Presentation on theme: "Adipose Tissue This histology slide shows adipose tissue surrounding the ureter. The adipocytes are shaped like a signet ring. The nucleus is pushed to."— Presentation transcript:
Adipose Tissue This histology slide shows adipose tissue surrounding the ureter. The adipocytes are shaped like a signet ring. The nucleus is pushed to the periphery of the cell. The staining process leaches the fat out of the cells, so these are just the skeleton of the cell. Some smooth muscle from the ureter is visible in this section as well.
Fat cells -- note nucleus and rim of cytoplasm pushed to one side by the accumulation of fat. The lipid itself has been dissolved out in fixation. In the center of the picture, in the space bounded by the four large fat cells, there is a small, round cross-cut of a capillary with a dark, shrunken red blood cell inside.
Dense irregular c.t. (blue) packing around a nerve bundle. The coat immediately surrounding the whole nerve bundle is particularly dense and consists mainly of collagen fibers. In between the individual pale, round nerve fibers is a very fine areolar c.t. packing, with mainly reticular fibers
Dense irregular c. t., with fibers running in all directions. The fibers are mainly collagenous, but keep in mind that some would be elastic and can be seen only if specifically stained. This kind of c.t. is found where firmer packing and binding is needed. The two arrows at top of picture are pointing to elongate, dark, fibroblast nuclei.
A stretched preparation of areolar connective tissue. The pink fibers of different thicknesses are collagenous (or white) fibers. The dark, thin, more tortuous fibers are elastic (or yellow) fibers. Most of the nuclei belong to fibroblasts
Areolar c.t. immediately underlying simple columnar epithelium. This is a very cellular variety of areolar c.t., with a high population of lymphocytes.
Loose irregular connective tissue (also called areolar tissue) as seen underlying and supporting epithelium in an ordinary section. It is rather cellular and supports many small blood vessels which travel through it.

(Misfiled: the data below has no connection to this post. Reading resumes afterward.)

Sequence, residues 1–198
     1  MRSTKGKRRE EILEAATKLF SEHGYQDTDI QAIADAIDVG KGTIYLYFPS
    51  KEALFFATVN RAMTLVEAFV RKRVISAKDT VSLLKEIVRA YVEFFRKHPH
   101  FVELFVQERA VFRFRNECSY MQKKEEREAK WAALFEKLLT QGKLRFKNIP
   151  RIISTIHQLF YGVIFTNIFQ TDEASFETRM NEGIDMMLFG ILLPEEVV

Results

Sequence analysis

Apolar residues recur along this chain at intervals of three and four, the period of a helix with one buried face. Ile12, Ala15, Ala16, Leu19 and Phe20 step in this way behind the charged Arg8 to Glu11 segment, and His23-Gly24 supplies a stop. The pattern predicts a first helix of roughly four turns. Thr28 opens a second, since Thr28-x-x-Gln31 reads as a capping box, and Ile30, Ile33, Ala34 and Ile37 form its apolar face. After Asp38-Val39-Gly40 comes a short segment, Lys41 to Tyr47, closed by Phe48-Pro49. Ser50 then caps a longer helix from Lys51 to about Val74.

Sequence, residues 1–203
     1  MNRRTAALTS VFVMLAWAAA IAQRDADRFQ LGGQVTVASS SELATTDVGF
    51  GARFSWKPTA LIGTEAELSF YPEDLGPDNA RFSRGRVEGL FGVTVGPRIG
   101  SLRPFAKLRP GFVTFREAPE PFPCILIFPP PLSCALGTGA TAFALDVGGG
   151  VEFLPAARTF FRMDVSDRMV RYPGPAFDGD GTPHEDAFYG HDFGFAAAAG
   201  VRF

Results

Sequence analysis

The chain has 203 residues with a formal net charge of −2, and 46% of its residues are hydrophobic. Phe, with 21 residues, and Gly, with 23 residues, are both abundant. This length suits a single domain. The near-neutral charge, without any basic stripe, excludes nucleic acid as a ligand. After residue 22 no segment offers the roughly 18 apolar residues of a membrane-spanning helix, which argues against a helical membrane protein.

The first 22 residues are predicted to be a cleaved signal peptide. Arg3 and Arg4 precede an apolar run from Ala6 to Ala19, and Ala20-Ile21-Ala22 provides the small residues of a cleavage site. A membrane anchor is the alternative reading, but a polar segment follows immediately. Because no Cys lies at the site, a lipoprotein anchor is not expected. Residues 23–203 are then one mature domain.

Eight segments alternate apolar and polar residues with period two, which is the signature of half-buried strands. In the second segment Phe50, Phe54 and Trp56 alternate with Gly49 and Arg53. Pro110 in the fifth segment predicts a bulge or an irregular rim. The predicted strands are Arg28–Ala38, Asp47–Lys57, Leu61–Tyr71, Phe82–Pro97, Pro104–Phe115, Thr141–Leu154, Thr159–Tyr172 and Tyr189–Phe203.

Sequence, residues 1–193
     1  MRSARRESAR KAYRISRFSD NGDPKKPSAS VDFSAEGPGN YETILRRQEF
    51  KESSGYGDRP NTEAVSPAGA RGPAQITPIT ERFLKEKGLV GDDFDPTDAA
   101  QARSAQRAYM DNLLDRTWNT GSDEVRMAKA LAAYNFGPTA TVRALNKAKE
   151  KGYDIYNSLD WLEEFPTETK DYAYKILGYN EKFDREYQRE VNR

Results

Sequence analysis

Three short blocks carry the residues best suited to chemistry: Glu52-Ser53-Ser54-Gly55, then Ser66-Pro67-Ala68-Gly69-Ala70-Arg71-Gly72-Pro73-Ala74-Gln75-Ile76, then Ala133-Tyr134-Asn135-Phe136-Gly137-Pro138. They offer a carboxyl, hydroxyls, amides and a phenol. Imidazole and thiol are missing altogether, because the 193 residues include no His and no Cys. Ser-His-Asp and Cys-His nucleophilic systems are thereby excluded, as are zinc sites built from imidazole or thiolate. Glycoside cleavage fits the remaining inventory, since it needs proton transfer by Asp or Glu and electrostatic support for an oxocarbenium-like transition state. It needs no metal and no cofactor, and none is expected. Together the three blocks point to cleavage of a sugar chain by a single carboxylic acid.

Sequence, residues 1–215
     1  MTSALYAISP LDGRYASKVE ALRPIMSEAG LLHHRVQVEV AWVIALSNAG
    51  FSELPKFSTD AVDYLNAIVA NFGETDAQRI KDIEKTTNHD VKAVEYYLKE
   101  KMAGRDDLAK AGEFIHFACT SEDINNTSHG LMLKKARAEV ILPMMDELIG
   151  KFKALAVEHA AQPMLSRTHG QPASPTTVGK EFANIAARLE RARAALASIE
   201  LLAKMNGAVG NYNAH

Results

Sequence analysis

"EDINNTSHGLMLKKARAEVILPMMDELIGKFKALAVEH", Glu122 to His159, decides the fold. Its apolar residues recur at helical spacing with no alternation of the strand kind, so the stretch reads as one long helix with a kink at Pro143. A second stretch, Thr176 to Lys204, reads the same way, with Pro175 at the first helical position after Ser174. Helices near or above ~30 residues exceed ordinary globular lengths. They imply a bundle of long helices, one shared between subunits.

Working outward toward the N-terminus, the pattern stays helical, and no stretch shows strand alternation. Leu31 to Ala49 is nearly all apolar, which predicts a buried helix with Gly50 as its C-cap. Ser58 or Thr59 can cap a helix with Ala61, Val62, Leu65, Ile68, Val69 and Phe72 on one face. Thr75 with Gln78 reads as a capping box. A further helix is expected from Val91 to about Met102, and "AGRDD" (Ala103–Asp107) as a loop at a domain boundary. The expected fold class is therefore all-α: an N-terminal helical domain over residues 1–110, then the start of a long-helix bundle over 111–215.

Loose (areolar) connective tissue - (in blue) - surrounding the epithelium of tubules. In areas like this, the finest collagen fibers lying closest to the tubules would be reticular fibers; the only way to distinguish them here from heavier collagen fibers would be to silver them. (The blue here simply stains collagen in general.) REMEMBER: in an area like this, reticular fibers (like all other fibers) are produced by fibroblasts. Only in the primitive reticular tissue of bone marrow, lymph node, and spleen are reticular fibers produced by reticular cells
Reticular tissue (silvered, black). A network of very fine reticular fibers can be seen here, forming the stroma (framework) of a lymph node. These fibers are produced by reticular cells. The pale cells seen in the meshes of the reticular fibers are lymphocytes
Tendon, cut in cross-section. The pale pink background represents the cut ends of bundles of thick collagen fibers, very closely packed together. The wispy lines you see throughout are the "cracks" between fiber bundles. In the cracks lie fibroblasts which often look triangular or stellate because of being squeezed between the fibers.
Areolar c.t. -- the thin cell running diagonally toward the lower right from the center is a fibroblast